AnneMarie and Andrew

Annemarie and Andrew – Trekking Asia

Hue: Day Three

We both had high hopes for this day. We booked a full day tour, starting at 7am from our hotel and ending at about 7pm. We knew it involved plenty of driving, but we were heading north to visit the DMZ around the border between what was North and South Vietnam during the middle of the 20th century.

The tour started with a three hour drive to see a bridge crossing a river. On the way we were shown The Rockpile from the road; A high hill which the Americans controlled and have them a view of the surrounding area. The bridge (not far from the Laos border, but miles from our hotel) was on the Ho Chi Minh Tail, a vital supply route between the north and south to supply arms, food and people to fight the Americans. The bridge was re-built in 1999 but we did get some history about the trail. Not that great after 3 hours in a cramped mini bus.

We then drove to what was an American airbase named Ca Lu. There were American planes and helicopters and a few tanks, but nothing else to show that this had been a huge American base. The runway was gone and apart from the planes a few trenches remained around the site. Treasure hunters with metal detectors had surveyed the area and found coins, zippo lighters and as few other personal trinkets. They now run around the site chasing tourists asking them to buy American coins or dog tags.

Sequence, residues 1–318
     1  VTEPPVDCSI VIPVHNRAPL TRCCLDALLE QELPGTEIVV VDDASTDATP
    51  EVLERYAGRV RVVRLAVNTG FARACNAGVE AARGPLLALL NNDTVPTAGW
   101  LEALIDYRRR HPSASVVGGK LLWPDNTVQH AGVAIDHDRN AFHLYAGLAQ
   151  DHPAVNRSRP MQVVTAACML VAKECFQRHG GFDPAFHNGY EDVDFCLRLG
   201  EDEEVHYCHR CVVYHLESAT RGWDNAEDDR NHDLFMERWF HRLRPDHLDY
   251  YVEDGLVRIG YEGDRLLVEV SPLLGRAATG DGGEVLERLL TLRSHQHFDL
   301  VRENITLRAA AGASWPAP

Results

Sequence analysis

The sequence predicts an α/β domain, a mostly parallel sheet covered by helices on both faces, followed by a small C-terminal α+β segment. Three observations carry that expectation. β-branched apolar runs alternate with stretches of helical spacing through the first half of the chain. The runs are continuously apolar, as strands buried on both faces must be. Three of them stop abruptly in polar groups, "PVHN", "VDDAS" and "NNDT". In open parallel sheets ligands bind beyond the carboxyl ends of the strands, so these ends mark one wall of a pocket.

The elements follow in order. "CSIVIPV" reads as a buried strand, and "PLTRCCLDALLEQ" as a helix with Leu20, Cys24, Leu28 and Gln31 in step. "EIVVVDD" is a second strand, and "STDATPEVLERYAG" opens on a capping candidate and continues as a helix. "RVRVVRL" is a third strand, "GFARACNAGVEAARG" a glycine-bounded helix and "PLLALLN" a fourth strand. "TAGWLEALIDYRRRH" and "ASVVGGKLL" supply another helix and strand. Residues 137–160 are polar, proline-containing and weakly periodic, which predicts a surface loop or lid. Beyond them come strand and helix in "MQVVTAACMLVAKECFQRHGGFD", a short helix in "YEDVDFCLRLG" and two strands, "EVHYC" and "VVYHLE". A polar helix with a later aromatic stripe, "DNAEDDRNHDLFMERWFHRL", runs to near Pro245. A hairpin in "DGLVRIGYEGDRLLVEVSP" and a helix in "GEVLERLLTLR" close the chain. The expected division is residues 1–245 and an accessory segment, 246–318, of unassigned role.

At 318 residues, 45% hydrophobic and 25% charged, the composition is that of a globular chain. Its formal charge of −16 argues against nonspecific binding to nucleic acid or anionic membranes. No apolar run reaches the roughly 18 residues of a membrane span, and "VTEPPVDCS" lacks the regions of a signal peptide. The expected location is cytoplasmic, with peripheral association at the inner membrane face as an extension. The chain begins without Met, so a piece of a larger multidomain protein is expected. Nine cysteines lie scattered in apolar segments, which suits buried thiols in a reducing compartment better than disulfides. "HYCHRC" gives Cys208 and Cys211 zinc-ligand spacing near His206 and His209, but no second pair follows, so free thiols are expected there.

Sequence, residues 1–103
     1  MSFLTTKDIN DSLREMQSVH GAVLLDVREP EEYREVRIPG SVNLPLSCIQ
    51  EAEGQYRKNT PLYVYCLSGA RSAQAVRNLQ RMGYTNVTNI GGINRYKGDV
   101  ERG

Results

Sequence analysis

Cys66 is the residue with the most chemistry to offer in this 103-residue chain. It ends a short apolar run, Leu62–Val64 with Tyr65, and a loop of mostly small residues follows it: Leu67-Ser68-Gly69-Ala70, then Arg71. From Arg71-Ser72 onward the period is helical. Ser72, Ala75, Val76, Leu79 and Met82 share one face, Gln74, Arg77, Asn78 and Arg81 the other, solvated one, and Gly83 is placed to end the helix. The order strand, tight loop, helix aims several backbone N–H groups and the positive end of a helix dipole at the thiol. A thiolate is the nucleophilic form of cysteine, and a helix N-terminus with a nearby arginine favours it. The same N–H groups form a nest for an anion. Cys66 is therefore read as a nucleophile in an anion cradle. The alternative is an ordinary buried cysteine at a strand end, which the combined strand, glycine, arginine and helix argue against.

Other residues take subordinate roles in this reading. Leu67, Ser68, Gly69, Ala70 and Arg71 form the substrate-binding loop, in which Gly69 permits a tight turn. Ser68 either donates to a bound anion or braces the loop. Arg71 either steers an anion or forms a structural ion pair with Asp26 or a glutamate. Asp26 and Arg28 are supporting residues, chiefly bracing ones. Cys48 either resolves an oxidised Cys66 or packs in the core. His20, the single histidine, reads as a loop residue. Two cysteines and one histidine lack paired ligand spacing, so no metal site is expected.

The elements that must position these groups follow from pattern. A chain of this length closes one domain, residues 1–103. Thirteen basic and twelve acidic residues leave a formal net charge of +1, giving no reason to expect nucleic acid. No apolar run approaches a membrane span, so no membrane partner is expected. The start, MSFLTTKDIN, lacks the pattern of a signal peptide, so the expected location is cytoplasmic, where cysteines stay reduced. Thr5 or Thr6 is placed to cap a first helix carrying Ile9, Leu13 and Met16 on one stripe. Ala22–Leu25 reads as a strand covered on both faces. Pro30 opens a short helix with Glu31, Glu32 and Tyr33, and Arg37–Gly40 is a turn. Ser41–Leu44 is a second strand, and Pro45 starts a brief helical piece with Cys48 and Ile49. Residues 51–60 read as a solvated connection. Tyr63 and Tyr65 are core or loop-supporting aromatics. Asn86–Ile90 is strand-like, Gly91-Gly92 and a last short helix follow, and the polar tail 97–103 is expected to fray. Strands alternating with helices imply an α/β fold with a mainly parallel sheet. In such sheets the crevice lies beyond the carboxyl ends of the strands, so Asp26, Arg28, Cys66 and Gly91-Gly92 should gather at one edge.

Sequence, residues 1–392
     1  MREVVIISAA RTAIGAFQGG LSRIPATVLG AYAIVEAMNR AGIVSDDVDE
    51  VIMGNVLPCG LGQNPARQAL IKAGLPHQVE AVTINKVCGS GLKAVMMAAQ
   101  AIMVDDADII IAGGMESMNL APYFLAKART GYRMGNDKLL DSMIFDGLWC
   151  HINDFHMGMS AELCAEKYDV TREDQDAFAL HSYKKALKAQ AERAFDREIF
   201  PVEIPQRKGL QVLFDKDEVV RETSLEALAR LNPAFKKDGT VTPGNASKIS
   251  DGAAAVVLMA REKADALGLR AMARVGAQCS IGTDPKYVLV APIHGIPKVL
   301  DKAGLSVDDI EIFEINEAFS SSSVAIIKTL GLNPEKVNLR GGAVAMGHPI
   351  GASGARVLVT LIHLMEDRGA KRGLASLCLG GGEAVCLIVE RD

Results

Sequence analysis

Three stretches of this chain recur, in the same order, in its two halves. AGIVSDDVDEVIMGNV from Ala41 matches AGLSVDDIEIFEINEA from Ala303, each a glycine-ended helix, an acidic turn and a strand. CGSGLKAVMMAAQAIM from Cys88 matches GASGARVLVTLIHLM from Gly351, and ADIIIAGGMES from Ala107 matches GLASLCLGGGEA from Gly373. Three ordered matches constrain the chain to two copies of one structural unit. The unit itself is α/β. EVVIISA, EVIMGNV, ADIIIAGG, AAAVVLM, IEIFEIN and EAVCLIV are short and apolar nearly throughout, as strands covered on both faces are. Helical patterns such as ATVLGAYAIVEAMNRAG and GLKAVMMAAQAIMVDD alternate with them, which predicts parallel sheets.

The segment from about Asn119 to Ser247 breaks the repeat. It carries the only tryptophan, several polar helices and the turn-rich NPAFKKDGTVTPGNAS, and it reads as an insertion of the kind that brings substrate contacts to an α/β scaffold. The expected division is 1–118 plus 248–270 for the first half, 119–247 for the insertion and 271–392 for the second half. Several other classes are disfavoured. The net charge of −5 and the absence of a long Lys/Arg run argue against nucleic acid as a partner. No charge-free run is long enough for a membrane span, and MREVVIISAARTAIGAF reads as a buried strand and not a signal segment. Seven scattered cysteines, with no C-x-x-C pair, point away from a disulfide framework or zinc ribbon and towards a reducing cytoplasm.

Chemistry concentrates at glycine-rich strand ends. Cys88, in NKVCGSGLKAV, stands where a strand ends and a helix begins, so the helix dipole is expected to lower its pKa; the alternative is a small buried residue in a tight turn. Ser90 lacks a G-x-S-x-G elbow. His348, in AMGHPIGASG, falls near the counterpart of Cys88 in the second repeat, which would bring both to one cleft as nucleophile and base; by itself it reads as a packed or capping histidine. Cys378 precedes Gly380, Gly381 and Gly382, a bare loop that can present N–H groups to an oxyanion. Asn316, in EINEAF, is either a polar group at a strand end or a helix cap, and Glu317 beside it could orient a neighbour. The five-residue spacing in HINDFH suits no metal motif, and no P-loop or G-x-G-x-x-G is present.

We then had an hour drive back to a hotel for lunch.

After lunch we had a one hour drive to the Ving Moc tunnels. This was the highlight of the trip. We saw where up to 500 people had lived for 6 years and depths of up to 20m below the ground. While families had cramped little rooms to live in. There was one toilet and one kitchen, a maternity unit delivered 17 children underground, it must have been quite a tough life under there. It was quite hot and humid and the walls were dripping with condensation (I can only imagine what that was like in the summer heat).

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Then about an hour out so later we reached a cemetery for the dead Viet Cong soliders.

Then a two hour drive back to Hue.

It turned out to be a very long day, not seeing a lot, with huge amounts of driving between sites and ultimately not that good. We both wished we’d picked something else to see and do.

Posted from Quang Tri province, Vietnam.

2 Comments

  1. I wonder how many of those born underground thought that’s all the world was until they were old enough to ask questions. Must have been pretty surreal to walk out and see sky for the first time ever, assuming it wasn’t considered safe to take them to the shops etc…

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    • Andrew

      They were living in the DMZ, which ironically saw large amounts of fighting and bombing. No shops or houses above ground, just a cratered landscape. I assume people must have gone above ground to grow food.

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